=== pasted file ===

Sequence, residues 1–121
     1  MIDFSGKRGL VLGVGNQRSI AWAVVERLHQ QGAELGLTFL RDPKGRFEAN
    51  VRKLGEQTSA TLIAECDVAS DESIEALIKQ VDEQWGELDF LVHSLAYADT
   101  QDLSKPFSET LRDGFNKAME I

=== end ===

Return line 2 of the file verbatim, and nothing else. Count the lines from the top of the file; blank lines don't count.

     1  MIDFSGKRGL VLGVGNQRSI AWAVVERLHQ QGAELGLTFL RDPKGRFEAN